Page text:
Release Date: June 26th, 1981
Directed by: Matthew Robbins
Written by: Hal Barwood, Matthew Robbins
Music by: Alex North
Cast: Peter MacNicol, Caitlin Clarke, Ralph Richardson, John Hallam, Peter Eyre, Sydney Bromley, Chloe Salaman, Ian McDiarmid
Paramount Pictures, Walt Disney Productions, 109 Minutes
“[to Galen] It’s a shield. I made it. Might keep the fire off of you, might not. You know, you’re an idiot. You’re going to die tonight. You’ll be ripped, limb from limb. This is the last time I’ll ever speak to you!” – Valerian
I never saw DragonSlayer, which is kind of odd, as it is in a genre I watched a lot of as a kid. I think that I saw trailers for it but it never excited me enough to rent it from the video store.
I wanted to check it out now because I’ve been watching a ton of sword and sorcery and fantasy films from this era. Overall, this wasn’t a disappointment but for the most part, it was pretty drab and uneventful.
But on the flip side of that, I was pretty impressed with the special effects, especially for 1981.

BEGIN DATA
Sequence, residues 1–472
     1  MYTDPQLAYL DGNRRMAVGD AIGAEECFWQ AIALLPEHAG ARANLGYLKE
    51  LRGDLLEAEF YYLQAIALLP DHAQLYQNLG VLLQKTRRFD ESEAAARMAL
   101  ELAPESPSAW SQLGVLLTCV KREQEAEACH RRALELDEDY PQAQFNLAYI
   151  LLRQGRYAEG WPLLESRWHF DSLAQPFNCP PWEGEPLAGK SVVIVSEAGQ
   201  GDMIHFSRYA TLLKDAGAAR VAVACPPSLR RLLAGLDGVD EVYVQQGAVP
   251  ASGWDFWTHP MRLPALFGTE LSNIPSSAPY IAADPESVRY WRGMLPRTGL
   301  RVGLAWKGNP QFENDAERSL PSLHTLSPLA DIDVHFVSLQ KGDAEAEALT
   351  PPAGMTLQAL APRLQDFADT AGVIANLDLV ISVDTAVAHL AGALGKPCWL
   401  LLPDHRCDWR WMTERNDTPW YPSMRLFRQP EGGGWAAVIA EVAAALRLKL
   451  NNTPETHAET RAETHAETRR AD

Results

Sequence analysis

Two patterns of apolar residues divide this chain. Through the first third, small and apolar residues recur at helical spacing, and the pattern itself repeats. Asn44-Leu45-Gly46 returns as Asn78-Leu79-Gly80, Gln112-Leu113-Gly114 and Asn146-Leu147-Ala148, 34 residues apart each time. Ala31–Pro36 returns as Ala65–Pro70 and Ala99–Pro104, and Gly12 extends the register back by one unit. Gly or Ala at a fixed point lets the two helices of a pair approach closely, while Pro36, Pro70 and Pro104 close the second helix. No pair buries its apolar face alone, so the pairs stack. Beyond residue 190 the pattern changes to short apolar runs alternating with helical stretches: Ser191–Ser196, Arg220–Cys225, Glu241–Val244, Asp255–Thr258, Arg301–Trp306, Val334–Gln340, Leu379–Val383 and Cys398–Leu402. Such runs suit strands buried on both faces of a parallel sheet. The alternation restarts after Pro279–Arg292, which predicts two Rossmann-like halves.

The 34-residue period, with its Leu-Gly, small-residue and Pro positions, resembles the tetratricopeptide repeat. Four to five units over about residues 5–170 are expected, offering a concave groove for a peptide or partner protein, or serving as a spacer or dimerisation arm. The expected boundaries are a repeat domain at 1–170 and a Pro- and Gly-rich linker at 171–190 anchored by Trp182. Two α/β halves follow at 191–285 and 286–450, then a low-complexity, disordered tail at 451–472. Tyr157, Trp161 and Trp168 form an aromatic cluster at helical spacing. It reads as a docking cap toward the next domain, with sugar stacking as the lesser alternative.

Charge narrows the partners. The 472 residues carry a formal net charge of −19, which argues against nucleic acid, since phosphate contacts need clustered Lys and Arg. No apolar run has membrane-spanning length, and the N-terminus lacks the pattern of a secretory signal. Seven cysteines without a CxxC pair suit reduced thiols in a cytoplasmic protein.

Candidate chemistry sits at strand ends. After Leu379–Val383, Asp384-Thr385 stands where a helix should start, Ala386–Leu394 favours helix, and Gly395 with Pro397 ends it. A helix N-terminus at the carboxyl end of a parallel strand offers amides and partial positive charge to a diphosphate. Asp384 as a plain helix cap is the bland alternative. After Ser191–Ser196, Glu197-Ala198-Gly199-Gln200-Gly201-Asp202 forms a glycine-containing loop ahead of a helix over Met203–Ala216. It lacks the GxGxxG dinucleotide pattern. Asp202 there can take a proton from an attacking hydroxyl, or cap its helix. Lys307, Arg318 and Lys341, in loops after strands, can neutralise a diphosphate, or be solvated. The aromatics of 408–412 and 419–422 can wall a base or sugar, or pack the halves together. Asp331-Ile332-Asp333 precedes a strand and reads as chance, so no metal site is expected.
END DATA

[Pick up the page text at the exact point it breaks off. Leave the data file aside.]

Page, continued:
All the dragon stuff comes off remarkably well for the time. I thought the final battle was really entertaining, even if it was pretty hokey and had some noticeable flaws seeing this almost 40 years later in HD. But they’re the sort of minute visual flaws that would’ve been hidden by the technology of the time and I can’t really come down on the film for that. But I find it to be worth mentioning, as this is one of many films that has had its magic ruined or exposed by finding itself remastered in high definition for modern eyes.
The scenes that employ large dragon props and animatronics all work really well though, even today. The scene where the dragon is stalking the virgin in his lair towards the beginning of the film is still pretty chilling and effective.
I also liked Peter MacNicol in this. He was charming and it was fun seeing him much younger than the role I most associated him with, which is Dr. Janosz Poha from Ghostbusters II. Also, the Emperor himself, Ian McDiarmid, shows up in this. And here, he’s actually using the light side of the Force.
DragonSlayer is fun in parts and it was imaginative and the effects were superbly executed. However, it’s slow moving with lots of unnecessary banter and a plot that is too simplistic to be stretched into a 109 minute motion picture.
Pairs well with: other fantasy and sword and sorcery films of the late ’70s and early ’80s.